Futures Forum: "Whatever Happened to Community?"
here is the second part which suggests 'our anxiety about lost community is nothing new.'
Episode 2 of 3
Giles Fraser has left a glittering job as Canon Chancellor of St Paul's Cathedral and is now working as the priest of a run-down parish in Elephant and Castle. This has set him thinking about the nature of community, which he investigates in this very personal series.
In our digital, global age, we look back with misty eyes to a 'golden age' of community in the 1950s. But our anxiety about lost community is nothing new.
In 1836, Augustus Pugin published Contrasts, a book of architectural drawings comparing the buildings of the medieval community with those of the industrial revolution. In response to what he saw as the urban decay and social rootlessness created by the industrial revolution, Pugin set about re-inventing the architecture of medieval community, initiating the Gothic revival. This wasn't simply about highly decorated churches with pointy arches, it was a wholesale programme of social and moral reform - a return to some imagined 'golden age' where people lived at ease with each other in stable and religiously engaged communities with shared values.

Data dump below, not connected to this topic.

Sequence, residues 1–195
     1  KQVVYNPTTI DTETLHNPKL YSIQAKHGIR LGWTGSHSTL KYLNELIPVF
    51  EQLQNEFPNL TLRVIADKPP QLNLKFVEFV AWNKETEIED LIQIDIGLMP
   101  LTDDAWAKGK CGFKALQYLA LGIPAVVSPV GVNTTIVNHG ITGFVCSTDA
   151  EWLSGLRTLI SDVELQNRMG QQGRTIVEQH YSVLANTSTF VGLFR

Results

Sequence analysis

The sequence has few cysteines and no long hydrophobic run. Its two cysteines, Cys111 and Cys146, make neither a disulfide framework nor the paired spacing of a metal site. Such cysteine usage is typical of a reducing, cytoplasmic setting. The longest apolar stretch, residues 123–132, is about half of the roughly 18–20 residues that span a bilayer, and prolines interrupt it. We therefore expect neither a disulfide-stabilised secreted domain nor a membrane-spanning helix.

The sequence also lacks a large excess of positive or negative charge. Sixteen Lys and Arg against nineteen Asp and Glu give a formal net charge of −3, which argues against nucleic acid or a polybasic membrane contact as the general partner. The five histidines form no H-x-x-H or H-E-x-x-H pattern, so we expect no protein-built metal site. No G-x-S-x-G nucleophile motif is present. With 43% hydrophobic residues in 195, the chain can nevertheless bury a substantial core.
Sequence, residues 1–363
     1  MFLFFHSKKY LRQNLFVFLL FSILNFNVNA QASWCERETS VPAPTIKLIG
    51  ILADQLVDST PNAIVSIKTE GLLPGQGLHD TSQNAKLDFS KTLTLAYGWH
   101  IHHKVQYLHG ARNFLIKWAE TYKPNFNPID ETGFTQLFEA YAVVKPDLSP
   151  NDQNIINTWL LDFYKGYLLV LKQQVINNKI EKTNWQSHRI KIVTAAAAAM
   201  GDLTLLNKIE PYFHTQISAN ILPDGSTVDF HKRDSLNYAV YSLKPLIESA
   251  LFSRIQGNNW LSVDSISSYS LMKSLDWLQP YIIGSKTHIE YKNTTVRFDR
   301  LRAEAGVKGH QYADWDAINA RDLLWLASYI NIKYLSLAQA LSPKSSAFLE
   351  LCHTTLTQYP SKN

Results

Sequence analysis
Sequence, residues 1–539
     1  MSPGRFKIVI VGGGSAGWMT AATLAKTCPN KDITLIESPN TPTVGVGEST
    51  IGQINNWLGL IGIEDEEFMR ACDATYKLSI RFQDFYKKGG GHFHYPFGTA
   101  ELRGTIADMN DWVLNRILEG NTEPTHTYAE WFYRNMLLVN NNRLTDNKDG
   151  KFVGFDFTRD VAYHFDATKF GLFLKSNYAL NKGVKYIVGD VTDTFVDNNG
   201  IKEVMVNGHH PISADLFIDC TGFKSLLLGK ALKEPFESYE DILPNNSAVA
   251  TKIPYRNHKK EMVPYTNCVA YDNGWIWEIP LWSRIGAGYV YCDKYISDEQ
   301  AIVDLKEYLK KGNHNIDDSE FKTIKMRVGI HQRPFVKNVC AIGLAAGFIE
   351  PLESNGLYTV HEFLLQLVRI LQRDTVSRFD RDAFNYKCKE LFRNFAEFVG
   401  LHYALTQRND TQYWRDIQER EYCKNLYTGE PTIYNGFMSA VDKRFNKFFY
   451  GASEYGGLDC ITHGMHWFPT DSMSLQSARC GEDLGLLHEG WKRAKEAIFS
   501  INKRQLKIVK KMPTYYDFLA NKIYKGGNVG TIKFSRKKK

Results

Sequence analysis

Giles travels to North Staffordshire, often known as 'Pugin-land' because of the high concentration of Pugin's buildings, to explore how many in the 19th century wanted to return to medieval forms of community. He argues that this is not dissimilar to the nostalgia many people feel today in response to globalisation and social churn.
And in the struggling former pottery town of Stoke on Trent he talks to MP Tristram Hunt about contemporary anxiety over community, and challenges a former BNP councillor nostalgic for a past with few immigrants and full employment.
BBC Radio 4 - Whatever Happened to Community?, Nostalgia
Is the experiment in community in Marinaleda, Andalusia an exercise in nostalgia?
Communist 'utopia' in a Spanish village. Laurie Taylor talks to the writer, Dan Hancox, about his research into a tiny community in Andalucia which set out to create an egalitarian enclave after the demise of General Franco. Does the reality match the dream? They're joined by the social geographer, Helen Jarvis.
BBC Radio 4 - Thinking Allowed, Tooth Loss; Communist Utopia in a Spanish Village
The Village Against the World, by Dan Hancox - book review: why there is such a thing as society in southern Spain - Reviews - Books - The Independent